PhD students are first UCD graduates to receive Wellcome Trust-NIH scholarships 

 

Two UCD Science graduates have become the first ever recipients from the university of the prestigious Wellcome Trust and National Institutes of Health four-year PhD scholarships.

The WT-NIH studentships enable postgraduate students in biomedical research and the medical humanities to conduct two years of research in their own universities and a further two years at the campus of the National Institutes of Health in Bethesda, Maryland, USA.

The research programme will also enable the PhD students from UCD to meet and learn from Nobel Prize and Lasker Award winning scientists.

Andrew Smith (22) is a PhD student at the UCD School of Biomolecular and Biomedical Science and the UCD Conway Institute and is supervised by Dr Breandán Kennedy, Senior Lecturer at the UCD School of Biomolecular and Biomedical Science. Andrew graduated from UCD with a BSc (Hons) in Pharmacology.

Brian Caffrey (23) is a PhD student at the UCD School of Chemistry and the UCD Centre for BioNano Interactions and is supervised by Professor Kenneth Dawson, Director of the Centre for BioNano Interactions at UCD. Brian graduated from UCD with a BSc (Hons) Degree in Chemistry.

Some 39 Wellcome Trust-NIH PhD scholarships have been awarded in the last eight years and only two other Irish students have ever received the funding. The scholarships are worth approximately €110,000 to each recipient.

At the NIH in the US, Andrew will be based at the National Eye Institute, working in the Neurobiology Neurodegeneration and Repair Laboratory (NNRL) of Professor Anand Swaroop.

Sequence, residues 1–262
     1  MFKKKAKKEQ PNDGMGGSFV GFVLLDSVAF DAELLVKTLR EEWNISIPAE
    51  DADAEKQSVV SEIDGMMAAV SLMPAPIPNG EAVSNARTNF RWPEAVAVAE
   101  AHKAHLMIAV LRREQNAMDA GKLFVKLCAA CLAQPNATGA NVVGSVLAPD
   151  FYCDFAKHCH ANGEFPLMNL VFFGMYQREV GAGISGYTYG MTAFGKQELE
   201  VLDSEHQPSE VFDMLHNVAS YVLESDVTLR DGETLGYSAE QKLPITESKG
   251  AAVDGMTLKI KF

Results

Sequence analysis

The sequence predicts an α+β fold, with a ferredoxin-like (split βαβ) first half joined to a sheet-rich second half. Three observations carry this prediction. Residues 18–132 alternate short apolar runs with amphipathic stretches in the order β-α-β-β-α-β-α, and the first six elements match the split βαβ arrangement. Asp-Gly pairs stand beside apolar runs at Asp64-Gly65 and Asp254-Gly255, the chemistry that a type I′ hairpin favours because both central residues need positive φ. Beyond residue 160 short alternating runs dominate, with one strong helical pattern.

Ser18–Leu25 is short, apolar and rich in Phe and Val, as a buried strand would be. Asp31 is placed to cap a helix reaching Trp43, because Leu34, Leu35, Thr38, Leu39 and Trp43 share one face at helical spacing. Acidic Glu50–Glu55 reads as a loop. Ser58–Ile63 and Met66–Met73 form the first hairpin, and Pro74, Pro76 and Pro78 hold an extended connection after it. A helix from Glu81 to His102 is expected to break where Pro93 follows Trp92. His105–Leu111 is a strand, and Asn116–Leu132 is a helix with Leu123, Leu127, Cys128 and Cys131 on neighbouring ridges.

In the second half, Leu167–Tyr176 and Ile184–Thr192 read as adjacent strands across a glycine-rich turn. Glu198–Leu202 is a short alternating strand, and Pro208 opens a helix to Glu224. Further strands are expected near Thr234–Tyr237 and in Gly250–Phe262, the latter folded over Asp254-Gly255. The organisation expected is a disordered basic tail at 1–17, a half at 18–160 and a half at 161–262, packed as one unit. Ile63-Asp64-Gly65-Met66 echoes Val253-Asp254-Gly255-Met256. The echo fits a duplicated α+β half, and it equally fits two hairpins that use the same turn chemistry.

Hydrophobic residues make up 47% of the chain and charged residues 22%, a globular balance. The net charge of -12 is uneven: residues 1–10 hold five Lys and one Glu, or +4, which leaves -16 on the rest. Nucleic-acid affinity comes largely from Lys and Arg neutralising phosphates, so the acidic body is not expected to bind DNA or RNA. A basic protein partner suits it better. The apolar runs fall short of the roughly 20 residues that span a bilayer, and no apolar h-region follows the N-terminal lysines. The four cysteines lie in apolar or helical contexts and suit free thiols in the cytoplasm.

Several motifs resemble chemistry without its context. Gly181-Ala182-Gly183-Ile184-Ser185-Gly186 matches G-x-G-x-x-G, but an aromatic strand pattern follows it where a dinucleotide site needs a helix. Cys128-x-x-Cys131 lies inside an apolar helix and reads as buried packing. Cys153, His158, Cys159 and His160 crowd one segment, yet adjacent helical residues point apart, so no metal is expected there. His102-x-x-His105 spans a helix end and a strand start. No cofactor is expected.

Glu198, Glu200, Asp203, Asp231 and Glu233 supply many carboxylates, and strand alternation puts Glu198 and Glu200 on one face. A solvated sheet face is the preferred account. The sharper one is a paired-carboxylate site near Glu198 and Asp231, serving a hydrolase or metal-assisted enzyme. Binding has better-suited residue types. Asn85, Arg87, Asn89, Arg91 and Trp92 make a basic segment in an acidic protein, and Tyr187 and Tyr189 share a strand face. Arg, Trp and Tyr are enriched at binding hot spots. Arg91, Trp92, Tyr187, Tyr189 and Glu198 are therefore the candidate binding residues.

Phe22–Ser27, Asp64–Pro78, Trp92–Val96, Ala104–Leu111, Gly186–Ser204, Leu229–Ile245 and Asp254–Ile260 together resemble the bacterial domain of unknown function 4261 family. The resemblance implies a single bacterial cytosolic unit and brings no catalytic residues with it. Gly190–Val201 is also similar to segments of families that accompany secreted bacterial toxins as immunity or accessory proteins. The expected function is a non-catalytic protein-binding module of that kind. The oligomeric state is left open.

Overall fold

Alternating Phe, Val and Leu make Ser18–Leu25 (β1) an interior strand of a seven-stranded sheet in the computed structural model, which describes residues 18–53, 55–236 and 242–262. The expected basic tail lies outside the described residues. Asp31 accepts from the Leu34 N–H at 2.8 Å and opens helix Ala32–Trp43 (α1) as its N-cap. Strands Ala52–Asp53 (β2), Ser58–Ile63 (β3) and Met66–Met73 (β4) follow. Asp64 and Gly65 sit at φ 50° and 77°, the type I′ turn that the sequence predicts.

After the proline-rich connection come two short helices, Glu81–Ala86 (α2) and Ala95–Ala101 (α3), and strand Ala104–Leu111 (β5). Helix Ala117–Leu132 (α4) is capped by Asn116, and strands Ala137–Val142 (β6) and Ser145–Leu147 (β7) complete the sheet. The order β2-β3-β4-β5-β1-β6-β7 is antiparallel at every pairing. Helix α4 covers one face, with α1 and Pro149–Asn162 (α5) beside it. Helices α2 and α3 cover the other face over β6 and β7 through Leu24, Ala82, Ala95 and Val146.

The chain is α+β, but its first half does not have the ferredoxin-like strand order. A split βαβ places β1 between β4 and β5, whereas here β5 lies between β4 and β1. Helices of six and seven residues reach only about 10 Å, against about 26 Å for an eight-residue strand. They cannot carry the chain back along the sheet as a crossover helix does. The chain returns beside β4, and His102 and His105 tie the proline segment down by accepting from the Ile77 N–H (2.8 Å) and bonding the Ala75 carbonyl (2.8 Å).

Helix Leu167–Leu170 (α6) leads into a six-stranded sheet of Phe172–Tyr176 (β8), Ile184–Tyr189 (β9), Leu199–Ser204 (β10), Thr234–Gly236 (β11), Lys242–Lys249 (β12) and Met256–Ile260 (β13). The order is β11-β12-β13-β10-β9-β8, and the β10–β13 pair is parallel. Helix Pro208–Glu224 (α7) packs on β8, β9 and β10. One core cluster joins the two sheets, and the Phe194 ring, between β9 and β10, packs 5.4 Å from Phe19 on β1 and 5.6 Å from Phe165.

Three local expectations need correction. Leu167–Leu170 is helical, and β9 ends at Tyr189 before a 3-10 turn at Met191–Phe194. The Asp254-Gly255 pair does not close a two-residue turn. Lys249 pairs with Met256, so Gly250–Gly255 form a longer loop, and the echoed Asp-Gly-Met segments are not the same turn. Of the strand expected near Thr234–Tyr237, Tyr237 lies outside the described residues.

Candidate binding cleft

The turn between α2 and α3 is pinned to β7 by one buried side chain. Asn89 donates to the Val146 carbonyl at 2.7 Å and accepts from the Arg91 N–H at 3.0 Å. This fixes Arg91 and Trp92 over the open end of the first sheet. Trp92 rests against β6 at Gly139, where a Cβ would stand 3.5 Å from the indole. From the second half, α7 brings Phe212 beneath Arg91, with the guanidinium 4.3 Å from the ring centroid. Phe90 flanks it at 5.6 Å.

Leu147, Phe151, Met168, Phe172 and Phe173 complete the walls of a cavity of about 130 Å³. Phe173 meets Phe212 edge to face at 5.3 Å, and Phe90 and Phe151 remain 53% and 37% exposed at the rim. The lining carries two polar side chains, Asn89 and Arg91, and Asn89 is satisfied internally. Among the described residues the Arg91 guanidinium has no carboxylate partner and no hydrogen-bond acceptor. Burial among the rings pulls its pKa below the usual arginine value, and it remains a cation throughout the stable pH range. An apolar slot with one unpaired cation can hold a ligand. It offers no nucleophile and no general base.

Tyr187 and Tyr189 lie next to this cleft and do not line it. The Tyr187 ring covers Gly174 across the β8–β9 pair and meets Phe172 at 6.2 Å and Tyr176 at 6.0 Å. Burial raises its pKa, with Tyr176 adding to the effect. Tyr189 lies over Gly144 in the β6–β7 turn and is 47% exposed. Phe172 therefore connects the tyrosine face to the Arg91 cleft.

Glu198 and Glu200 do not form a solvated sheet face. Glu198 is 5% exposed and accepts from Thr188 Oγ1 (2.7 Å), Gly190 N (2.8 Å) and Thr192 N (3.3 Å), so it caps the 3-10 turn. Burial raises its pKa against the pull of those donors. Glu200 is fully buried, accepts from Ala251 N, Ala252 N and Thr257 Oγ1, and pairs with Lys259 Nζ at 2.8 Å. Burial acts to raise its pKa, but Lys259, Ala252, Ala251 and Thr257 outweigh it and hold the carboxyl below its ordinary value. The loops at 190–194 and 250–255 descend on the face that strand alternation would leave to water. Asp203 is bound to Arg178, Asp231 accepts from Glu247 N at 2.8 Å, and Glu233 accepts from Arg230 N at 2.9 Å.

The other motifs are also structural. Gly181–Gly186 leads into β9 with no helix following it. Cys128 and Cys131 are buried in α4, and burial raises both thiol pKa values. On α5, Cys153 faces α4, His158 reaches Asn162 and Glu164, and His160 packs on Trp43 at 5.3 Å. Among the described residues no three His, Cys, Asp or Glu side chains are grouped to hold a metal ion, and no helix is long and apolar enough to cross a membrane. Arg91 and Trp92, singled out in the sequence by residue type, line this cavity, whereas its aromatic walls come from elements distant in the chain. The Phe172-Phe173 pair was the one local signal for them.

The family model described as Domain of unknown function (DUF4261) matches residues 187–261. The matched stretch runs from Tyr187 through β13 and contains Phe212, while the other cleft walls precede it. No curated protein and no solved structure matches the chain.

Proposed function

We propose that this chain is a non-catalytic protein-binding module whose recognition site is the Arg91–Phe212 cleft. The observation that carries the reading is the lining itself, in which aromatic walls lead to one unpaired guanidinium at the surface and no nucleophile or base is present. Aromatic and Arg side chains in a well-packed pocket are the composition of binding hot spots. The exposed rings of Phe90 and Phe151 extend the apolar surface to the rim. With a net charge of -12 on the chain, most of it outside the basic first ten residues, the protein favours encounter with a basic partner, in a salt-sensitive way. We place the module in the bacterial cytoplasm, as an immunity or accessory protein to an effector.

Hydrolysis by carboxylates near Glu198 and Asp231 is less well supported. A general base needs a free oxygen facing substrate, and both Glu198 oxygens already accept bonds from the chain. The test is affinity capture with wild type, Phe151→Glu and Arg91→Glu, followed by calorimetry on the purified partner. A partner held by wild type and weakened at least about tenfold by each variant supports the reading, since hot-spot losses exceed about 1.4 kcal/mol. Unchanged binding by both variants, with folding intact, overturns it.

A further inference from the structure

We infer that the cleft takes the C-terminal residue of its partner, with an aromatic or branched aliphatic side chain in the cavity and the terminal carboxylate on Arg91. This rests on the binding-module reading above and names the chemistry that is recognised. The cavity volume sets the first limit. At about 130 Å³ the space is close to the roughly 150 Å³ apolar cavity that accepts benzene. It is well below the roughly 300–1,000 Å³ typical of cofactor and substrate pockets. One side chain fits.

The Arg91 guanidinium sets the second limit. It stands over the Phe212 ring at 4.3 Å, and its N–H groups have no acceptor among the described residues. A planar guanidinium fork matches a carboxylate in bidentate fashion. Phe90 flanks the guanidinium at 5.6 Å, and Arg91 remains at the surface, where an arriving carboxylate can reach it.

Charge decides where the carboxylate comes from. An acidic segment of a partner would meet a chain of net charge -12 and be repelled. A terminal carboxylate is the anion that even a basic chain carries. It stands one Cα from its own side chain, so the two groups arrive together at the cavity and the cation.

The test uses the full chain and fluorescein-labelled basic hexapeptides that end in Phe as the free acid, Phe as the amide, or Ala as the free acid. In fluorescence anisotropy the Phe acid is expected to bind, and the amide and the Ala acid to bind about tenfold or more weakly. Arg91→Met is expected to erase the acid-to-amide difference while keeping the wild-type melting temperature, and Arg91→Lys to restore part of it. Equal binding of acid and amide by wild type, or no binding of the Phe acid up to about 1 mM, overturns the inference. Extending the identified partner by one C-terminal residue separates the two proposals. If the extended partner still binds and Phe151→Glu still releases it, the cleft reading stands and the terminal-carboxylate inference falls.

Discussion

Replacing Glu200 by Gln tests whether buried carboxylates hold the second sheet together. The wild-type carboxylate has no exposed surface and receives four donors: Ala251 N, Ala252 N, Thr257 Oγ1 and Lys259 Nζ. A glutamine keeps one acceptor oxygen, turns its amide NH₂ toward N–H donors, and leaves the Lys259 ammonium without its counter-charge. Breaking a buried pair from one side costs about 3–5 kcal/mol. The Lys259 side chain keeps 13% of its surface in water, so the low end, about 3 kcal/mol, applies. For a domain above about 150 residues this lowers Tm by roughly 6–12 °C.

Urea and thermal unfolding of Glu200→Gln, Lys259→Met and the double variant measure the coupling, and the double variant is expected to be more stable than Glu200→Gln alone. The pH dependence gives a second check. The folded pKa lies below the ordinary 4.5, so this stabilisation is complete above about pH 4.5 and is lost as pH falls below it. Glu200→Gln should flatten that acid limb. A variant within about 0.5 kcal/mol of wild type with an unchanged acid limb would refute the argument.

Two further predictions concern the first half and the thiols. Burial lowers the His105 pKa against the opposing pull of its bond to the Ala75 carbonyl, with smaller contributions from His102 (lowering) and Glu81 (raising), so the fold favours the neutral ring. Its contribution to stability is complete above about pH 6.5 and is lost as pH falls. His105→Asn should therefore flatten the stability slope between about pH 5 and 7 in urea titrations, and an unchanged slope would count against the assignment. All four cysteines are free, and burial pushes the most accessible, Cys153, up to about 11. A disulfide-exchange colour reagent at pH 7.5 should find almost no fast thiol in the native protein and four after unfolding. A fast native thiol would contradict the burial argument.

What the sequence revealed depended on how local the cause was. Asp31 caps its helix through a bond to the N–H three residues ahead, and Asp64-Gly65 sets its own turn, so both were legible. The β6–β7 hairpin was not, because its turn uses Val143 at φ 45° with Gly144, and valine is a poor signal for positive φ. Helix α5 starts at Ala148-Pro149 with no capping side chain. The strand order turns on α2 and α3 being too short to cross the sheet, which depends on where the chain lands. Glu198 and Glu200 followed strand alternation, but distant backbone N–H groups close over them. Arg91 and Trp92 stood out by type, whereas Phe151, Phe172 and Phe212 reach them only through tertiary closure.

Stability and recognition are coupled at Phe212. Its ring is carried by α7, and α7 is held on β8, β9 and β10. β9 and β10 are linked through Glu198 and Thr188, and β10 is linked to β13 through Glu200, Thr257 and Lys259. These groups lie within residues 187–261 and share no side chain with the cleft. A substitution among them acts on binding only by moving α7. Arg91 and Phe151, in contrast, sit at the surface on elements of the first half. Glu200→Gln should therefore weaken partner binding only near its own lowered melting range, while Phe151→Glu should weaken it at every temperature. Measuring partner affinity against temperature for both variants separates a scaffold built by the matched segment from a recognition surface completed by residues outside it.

He will conduct his research on identifying genes that are involved in the development and survival of cone photoreceptors in the eye, with a view to identifying new drugs that can prevent the cells from dying and treating forms of blindness, including age-related macular degeneration.

Andrew said: "I am excited because the ability to complete research in the US allows us to answer the [research] question in a more comprehensive way that we wouldn't be able to do individually. The resources available are phenomenal, and it is a great opportunity for a PhD student to be immersed in the hub of US biomedical research."

Brian Caffrey will carry out research on determining the molecular detail and orientation of proteins on nanoparticles to better understand their interactions with cells and help aid in creating better drug targeting mechanisms. 

Brian will be based at the National Cancer Institute working in the Laboratory of Cell Biology of Dr Sriram Subramaniam.

Brian said: "I'm absolutely thrilled with the news. The Wellcome Trust - NIH scholarship has allowed me the opportunity to work with Professor Dawson and Dr Subramaniam, who are both leaders in their respective fields, and gain invaluable experience both at home and abroad."

Dr Breandán Kennedy said the fact that the students will conduct research in America, funded by the National Institutes of Health, would enable them and UCD to enhance their international collaboration with the leading vision research scientists in America.

"The students will also be involved in networking events with the highest Nobel Prize award winners and Lasker Award winners in small group meetings. They're also going to be part of a Wellcome Trust, NIH, University of Oxford and University of Cambridge colloquium that will meet once a year and will include the students, their supervisors and leading academics," he added.

Founded under the will of Sir Henry Wellcome in 1936, the Wellcome Trust is dedicated to achieving extraordinary improvements in human and animal health. In pursuit of this, the Wellcome Trust supports the brightest minds in biomedical research and the medical humanities.

University College Dublin also currently runs a four-year PhD programme in Computational Infection Biology, funded by the Wellcome Trust.